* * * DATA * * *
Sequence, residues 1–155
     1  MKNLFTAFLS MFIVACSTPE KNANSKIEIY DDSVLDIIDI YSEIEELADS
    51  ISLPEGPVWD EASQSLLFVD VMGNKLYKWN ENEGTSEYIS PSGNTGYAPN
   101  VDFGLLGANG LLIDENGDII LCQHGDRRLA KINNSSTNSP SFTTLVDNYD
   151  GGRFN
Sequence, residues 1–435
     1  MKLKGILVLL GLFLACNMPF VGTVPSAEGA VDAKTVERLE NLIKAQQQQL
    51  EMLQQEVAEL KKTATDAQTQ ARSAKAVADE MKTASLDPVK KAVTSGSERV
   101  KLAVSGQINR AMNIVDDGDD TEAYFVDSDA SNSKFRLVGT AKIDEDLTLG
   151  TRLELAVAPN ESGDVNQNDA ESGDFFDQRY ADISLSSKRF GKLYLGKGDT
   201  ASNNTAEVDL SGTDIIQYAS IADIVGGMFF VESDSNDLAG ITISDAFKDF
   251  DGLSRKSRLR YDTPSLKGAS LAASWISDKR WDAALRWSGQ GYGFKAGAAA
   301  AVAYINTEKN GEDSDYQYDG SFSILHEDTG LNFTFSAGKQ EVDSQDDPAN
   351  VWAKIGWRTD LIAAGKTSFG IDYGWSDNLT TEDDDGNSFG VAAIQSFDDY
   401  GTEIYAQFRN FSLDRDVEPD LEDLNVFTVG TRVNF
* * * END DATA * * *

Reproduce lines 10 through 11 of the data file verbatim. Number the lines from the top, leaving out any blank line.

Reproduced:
   151  TRLELAVAPN ESGDVNQNDA ESGDFFDQRY ADISLSSKRF GKLYLGKGDT
   201  ASNNTAEVDL SGTDIIQYAS IADIVGGMFF VESDSNDLAG ITISDAFKDF